Shropshire's council-owned housing firm aims to start work on its first two developments in autumn 2020, a company boss has told councillors.
Cornovii Developments Ltd was set up by Shropshire Council and given a £14 million loan by the authority, and the company originally hoped to start work on two new estates this spring.
Business Manager Lucy Heath told the borough’s Housing Supervisory Board planning applications for the homes, at St Martin’s, near Oswestry, and Monkmoor, in Shrewsbury, will be submitted in the summer, with construction now scheduled to start at the end of October.
A report from Cornovii to the board updated the nine-member panel on the company’s activity since its last meeting in November.
It said a new Lead Director of Development, Harpreet Rayet, was due to start work on Monday, January 27, and Shropshire Council Director of Place Mark Barrow praised the appointment. He said Mr Rayet had previously worked at South Staffordshire Housing Association, “so absolutely works in this world already”.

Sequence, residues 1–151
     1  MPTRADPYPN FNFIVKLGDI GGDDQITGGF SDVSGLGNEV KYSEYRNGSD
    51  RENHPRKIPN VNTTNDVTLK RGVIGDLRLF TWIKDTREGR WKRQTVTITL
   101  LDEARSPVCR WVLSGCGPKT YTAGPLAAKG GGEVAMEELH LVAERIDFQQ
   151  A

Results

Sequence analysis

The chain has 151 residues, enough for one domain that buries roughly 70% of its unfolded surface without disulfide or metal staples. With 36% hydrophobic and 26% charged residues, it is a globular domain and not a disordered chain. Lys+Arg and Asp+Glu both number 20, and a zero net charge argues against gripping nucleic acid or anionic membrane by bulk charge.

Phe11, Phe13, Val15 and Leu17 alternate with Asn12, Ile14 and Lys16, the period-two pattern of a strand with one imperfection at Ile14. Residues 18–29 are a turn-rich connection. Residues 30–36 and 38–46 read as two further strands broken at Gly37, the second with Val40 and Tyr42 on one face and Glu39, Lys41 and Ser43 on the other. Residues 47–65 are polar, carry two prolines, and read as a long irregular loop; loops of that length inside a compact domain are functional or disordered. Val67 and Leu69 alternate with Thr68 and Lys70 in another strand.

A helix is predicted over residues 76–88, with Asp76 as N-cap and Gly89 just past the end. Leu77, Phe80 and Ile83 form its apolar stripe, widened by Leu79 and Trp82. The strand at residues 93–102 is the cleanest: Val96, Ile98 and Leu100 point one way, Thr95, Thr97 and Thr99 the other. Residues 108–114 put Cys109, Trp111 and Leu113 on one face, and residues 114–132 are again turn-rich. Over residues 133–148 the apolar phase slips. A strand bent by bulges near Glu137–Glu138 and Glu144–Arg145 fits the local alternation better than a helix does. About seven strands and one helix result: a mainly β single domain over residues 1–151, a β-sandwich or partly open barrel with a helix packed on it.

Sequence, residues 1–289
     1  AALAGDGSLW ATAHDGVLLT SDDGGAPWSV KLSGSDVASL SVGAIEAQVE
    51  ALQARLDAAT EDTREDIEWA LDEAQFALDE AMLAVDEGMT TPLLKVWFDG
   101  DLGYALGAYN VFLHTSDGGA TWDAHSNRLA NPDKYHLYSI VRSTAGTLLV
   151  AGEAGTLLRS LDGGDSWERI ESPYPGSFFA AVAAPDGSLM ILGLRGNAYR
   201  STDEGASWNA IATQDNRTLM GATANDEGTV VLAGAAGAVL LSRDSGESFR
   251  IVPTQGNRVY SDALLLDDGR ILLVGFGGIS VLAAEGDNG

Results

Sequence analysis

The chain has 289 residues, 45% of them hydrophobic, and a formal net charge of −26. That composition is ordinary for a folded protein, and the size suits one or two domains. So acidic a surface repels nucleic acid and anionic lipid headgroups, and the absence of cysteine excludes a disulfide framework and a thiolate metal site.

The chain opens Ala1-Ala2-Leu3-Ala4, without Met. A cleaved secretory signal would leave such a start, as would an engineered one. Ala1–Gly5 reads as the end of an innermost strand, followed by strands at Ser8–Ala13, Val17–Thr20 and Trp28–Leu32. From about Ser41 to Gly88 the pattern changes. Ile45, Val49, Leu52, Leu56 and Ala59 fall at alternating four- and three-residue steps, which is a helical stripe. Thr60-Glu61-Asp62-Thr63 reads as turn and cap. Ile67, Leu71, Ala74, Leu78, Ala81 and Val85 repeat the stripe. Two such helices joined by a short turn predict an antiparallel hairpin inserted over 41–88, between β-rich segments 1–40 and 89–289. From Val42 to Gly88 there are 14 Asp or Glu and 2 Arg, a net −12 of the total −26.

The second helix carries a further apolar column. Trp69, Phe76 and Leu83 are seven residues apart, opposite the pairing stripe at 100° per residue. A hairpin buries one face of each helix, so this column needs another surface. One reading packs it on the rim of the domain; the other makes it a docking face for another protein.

The Cornovii report also said Monks Estates had already been appointed to sell and market the properties, due to be built at Overton Road, St Martin’s, and Frith Close, Monkmoor. Ms Heath acknowledged this was “an early stage” to make such an appointment, but said their involvement was “vital”.
Councillor Roger Evans said: “Thinking about the planning application, will the details by brought her before it is actually put in, for the contributions of the board?”
Mr Barrow said: “The outline will. I think it is right you should see it hear before it goes into the public domain, which is, effectively, what happens in the planning process.”
Councillor Keith Roberts, who is also a member of the Shropshire and Wrekin Fire Authority, asked whether sprinkler systems were being considered for the new homes.
“They’re not a national standard, but it is a good practice to install them,” he said.
Mr Barrow said the company was “looking at it”, including what varieties of sensor would be suitable. He also said they were aiming to make the homes “carbon positive” and could provide key worker housing for some companies.
“We’re picking up a lot of need from employers, who are saying ‘I’m having trouble recruiting because people can’t afford to live on the patch’,” Mr Barrow said.